About the Policy Leadership Council:
Our Policy Leadership Council — made up entirely of community leaders from across the state with lived experience of hunger and its root causes — determines Oregon Food Bank's policy agenda. The Council will act collectively to identify opportunities for change, articulate a systems-change platform to guide Oregon Food Bank’s legislative priorities, and set our positions on legislation and ballot measures. By recruiting and empowering leaders from communities directly impacted by hunger, Oregon Food Bank will build, share and expand the power needed to advance racial justice and win systemic change.
Angelica Cortes, she/her/ella: Portland, Oregon
Angelica Cortes is a true community leader. An organizer, volunteer, and mentor, Angelica has helped her community access affordable, nutritious food and inspired countless others to organize together to eliminate the root causes of hunger for good. For years, Angelica has been leading the anti-hunger movement in Oregon. She describes community organizing as part of her essence, and she is passionate about promoting education and access to fresh, nutritious, local and culturally-relevant foods while organizing to lift up her community’s voice to change harmful policies.
Angelica was chosen as Oregon Food Bank’s 2019 Hunger Hero for her work as a Growing Gardens Community Organizer and her health equity work in Promotores de Salud. Now, on the Policy Leadership Council, Angelica is interested in continuing to advocate for undocumented immigrants and farmworkers, by advancing policies like No Worker Left Behind, which changed laws excluding undocumented workers from receiving tax benefits in Oregon. “I would like more support for [farmworkers],” she shares. “Because you know they are working, even when it is raining, cold, or hot. Even during the wildfires, they were always there. They are the forgotten ones, and they are the first to be ready to work.”
Angelica’s connection to Oregon Food Bank began in 2013 when she accessed a food pantry in Portland. Though there were many food pantries in the area, she saw the need to make them more accessible to the Latine community. From there, she started providing gardening classes through Growing Gardens for local Spanish-speaking families to grow their own food. She also was a founding member of Mano Amiga 2020, a Latine leaders group that distributes food twice a month in SE Portland. Angelica started growing her own food out of necessity – she and her husband did not have many fresh vegetables and she wanted to supplement their meals with what she could provide. But in addition to access to fresh produce, exercise, and the fresh air Angelica loved in the garden, her patient, compassionate community-building cultivated something much more meaningful.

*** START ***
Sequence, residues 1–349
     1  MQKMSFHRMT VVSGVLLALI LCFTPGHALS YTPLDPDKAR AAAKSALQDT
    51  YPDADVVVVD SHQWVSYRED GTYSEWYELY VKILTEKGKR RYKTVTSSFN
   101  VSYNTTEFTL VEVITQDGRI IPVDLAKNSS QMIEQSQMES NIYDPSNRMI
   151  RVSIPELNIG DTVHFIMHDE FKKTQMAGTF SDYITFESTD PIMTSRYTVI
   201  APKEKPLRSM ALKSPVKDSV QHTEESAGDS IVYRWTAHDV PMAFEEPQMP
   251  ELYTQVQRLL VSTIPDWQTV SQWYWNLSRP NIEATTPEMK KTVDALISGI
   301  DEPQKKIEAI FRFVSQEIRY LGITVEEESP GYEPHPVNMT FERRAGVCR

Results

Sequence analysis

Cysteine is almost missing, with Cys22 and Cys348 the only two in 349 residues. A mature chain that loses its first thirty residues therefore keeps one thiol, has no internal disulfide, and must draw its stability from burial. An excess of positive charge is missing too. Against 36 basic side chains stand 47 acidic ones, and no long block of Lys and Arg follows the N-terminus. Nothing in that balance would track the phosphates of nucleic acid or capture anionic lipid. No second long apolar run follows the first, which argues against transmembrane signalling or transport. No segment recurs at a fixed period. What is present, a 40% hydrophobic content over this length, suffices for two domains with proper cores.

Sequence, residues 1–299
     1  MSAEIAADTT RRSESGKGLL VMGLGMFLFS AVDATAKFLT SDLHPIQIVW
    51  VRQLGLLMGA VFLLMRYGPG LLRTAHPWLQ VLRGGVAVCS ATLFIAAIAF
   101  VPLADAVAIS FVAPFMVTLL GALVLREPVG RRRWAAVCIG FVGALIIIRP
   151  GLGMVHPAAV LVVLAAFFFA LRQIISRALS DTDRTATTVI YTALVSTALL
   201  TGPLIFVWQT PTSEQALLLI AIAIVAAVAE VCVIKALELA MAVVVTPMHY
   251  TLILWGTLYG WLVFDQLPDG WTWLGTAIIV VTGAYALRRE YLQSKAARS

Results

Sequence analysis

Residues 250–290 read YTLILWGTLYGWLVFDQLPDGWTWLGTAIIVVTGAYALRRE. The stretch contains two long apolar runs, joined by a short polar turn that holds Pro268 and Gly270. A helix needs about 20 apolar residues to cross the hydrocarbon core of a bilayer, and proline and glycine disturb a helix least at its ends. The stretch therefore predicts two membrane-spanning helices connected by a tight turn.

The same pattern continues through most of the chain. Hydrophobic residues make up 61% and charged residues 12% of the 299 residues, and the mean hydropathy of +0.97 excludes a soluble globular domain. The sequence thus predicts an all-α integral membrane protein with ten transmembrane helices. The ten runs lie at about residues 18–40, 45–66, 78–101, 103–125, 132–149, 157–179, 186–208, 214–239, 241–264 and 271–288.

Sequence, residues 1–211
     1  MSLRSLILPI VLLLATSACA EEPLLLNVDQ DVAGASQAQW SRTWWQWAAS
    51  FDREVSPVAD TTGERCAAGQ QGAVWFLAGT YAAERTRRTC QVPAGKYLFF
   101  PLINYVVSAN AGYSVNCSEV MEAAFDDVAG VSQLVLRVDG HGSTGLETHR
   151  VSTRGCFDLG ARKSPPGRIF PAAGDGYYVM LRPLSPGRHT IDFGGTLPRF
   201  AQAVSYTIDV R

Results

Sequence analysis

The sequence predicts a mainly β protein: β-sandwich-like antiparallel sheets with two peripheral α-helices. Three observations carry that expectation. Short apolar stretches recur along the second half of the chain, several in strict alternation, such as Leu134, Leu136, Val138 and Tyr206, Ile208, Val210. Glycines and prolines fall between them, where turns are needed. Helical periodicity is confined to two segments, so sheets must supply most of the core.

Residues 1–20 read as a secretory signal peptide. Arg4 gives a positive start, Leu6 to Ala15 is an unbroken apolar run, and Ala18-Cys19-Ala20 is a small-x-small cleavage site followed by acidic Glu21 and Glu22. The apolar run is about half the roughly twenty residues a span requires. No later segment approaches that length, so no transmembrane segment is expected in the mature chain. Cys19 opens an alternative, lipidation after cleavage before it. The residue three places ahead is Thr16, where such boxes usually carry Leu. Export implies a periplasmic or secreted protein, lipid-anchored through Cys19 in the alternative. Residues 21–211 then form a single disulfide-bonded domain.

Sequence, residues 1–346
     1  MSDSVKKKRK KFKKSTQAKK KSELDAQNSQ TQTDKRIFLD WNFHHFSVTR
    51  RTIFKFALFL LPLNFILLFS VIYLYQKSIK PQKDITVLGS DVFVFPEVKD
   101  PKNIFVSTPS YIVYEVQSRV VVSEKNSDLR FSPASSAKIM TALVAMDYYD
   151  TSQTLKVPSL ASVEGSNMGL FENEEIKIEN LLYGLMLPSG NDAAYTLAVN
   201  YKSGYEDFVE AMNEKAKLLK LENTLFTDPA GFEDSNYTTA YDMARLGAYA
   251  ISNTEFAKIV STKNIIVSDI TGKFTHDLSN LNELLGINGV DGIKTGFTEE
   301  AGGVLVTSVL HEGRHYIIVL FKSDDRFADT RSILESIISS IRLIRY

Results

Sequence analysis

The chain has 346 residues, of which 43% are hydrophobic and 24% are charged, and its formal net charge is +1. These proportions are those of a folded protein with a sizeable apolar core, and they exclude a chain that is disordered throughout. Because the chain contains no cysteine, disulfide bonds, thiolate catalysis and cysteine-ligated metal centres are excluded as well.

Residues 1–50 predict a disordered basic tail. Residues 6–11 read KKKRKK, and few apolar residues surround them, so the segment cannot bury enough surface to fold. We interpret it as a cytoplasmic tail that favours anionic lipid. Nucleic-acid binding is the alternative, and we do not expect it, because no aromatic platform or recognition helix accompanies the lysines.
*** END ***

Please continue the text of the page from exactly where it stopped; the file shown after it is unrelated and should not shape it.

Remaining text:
“When I was sick, the community was with me. There was always food in my house, someone to clean my house. And I think you don’t get to pay for that with anything. It is something that you cultivate, and it is your harvest. So, I thought, if this was my harvest with the little I have done, well, if I do more, I can harvest more. And when others need a resource, they call me, and I am able to help them. It is something nourishing for me, to help the community and be with the community.”
Though Angelica continues to provide garden classes, support food distributions, and host health and wellness workshops, her role on the Policy Leadership Council has opened opportunities to organize to address the root causes of hunger. Angelica got involved in advocacy while registering people to vote and to count themselves in the 2020 Census. She saw that people in her community were afraid to register for the Census because of fear tactics and misinformation created to keep undocumented immigrants from making their voices heard. She met people over 18 who didn’t even know they were eligible to vote because of their parents’ immigration status. This inspired her to keep organizing and advocating to make her community’s voice heard.
Though Angelica has become an inspiring force in the anti-hunger movement, she did not always see herself as a leader.
“[I thought] I am only a housewife. What am I going to teach them? Some of them have masters, some have been volunteers for years, others are farmers, others are market owners… [But] when I got into the council and I got to know all the people – wow. It was a wonderful environment. I am very happy to be part of the council because there is mutual respect there. There is a leadership that, truly, I have felt very comfortable doing this work with.”
When asked what she would tell others like her who worry they aren’t qualified to organize in their community, she says:
“Do not be afraid. Do not be afraid. We can provide information in our language. If you get the information in your same language, you are going to understand. And I tell them, fight. Establish goals, and you are going to see that all those goals are achievable. [They say], ‘I don’t speak English, I don’t have a valid immigration status in this country, I can’t do something.’ Yes, we can do it. There are opportunities for all.”